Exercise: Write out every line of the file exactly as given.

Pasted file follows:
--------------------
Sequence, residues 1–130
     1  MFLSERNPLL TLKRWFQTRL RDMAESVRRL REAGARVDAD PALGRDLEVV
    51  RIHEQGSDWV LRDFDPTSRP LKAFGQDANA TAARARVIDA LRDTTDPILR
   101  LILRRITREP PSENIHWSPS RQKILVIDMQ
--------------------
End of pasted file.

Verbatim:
Sequence, residues 1–130
     1  MFLSERNPLL TLKRWFQTRL RDMAESVRRL REAGARVDAD PALGRDLEVV
    51  RIHEQGSDWV LRDFDPTSRP LKAFGQDANA TAARARVIDA LRDTTDPILR
   101  LILRRITREP PSENIHWSPS RQKILVIDMQ